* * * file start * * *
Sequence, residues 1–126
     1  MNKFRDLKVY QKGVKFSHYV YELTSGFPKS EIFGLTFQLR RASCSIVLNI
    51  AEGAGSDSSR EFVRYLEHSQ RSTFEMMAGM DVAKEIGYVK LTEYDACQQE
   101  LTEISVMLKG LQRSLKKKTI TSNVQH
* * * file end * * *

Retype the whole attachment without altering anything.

Sequence, residues 1–126
     1  MNKFRDLKVY QKGVKFSHYV YELTSGFPKS EIFGLTFQLR RASCSIVLNI
    51  AEGAGSDSSR EFVRYLEHSQ RSTFEMMAGM DVAKEIGYVK LTEYDACQQE
   101  LTEISVMLKG LQRSLKKKTI TSNVQH